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Posts Tagged ‘Pro-Life’

Reformers’ pro-life views recounted

February 16, 2017 Leave a comment

By David Roach

EDITOR’S NOTE: During the coming months, Baptist Press will periodically publish stories observing the 500th anniversary of when Martin Luther posted the 95 Theses to the door of a church in Wittenberg, Germany, Oct. 31, 1517.

NASHVILLE (BP) — With pro-life rallies and events making headlines in the past few days, ethicists and historians have issued a reminder that the pro-life ethic has deep historical roots, including advocacy by the 16th-century Protestant Reformers.

Reformation leaders John Calvin and Martin Bucer both condemned willful termination of a pregnancy directly while Martin Luther addressed the dignity of unborn children and the glory of childbearing. Anabaptists likewise dignified unborn life.

The Reformers’ “anthropology — their doctrine of humanity — led them to confess that abortion was the killing of a human being,” said Union University bioethicist and provost C. Ben Mitchell.

“Similarly, for pro-life evangelicals, biblical anthropology leads…..

 

 

 

Read the entire article here.

An apologetical argument against abortion

Argument for the Silent: A Biblical Case against Abortion

by Robert M. Bowman, Jr

 

Nowhere in the Bible is abortion mentioned specifically. That silence may seem to leave room for Christians to hold different opinions as to the morality of abortion while remaining faithful to the teachings of Scripture. Yet within Christianity an interesting alignment has developed on this issue. Nearly all churches and groups that view the Bible as the unerring Word of God also view abortion in all or nearly all instances as immoral. By contrast, nearly all churches and groups that view the Bible as a fallible human witness to God view abortion as a matter of personal choice rather than of objective morality.1 It seems reasonable to conclude that biblical values (at least some of which are shared by some non-Christians) inform the position that abortion is immoral, while the opposing view is in some respects out of keeping with biblical ethics. This article supports this conclusion by setting forth a biblical case against abortion.2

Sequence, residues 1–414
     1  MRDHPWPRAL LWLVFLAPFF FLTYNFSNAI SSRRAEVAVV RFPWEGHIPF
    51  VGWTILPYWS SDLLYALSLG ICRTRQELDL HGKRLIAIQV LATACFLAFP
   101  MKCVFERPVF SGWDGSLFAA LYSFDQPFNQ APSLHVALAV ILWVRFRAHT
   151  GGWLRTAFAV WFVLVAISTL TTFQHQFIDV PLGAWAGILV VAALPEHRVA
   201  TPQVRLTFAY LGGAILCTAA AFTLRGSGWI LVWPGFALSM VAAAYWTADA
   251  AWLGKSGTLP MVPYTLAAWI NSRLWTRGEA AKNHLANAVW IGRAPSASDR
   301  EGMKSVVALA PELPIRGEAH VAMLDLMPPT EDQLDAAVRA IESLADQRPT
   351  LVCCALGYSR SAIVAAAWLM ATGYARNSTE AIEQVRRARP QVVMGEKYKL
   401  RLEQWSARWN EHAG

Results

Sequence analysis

First, a brief comment about terminology is in order. Those who say that abortion is immoral label their position pro-life, indicating that for them the issue is not women’s rights but the life of the unborn. Those who argue that abortion is not generally immoral label their view pro-choice, emphasizing their belief that the issue is the right of women to choose whether to continue their pregnancy or end it by abortion. These terms will be used, since they are the labels each side prefers to use for themselves.

 

Read the rest here.

Letter to Obama concerning abortion

Here is an excellent letter, written by a mother, to the President of the United States; concerning abortion and his speech to ‘Planned Parenthood.’

This mother touches on many issues of abortion, of which Obama simply ignores. She makes her case plain and accurate while calling Obama out.

 

Dear Mr. President,

I had a conversation with my kids the other day. We talked about the Gosnell case, as we try to talk about several current events. I tried to spare them of the gruesome details and give just the short version. They had so many questions, though. They wanted to know what abortion was. I explained that some mommies don’t want to grow a baby just then. I explained, and pointed out how much work babies were. I said that when most women have an abortion, the baby is still forming all of the organs, and not all the parts of the body work outside the mother just yet. I talked about how hard being pregnant was sometimes. I did not want to glorify anything.

My kids understood how hard it was. They’ve seen me go through it a few times. They understood the work, as we live it day in and day out as a family. However, the reality of what an abortion is…they thought I was making that up. They could not believe that anyone would do such a thing. They have an easier time believing in the tooth fairy. When I told them I was serious, they sat in horror.

I did not show them pictures. I was determined not to villainize my opposing side of view or seek to give them nightmares. But I want to teach my children how to form ideas. I want them armed with facts. I also told them about my experience with a crisis pregnancy center. I told them what some of the woman were like, and the challenges they faced. I talked about how some were forced into abortions by loved ones. I talked about the ones who faced depression, or were unable to ever have children because of an abortion procedure they had years earlier. I told them some women have abortions, and never feel bad about it.

 

To read the rest of this letter click here.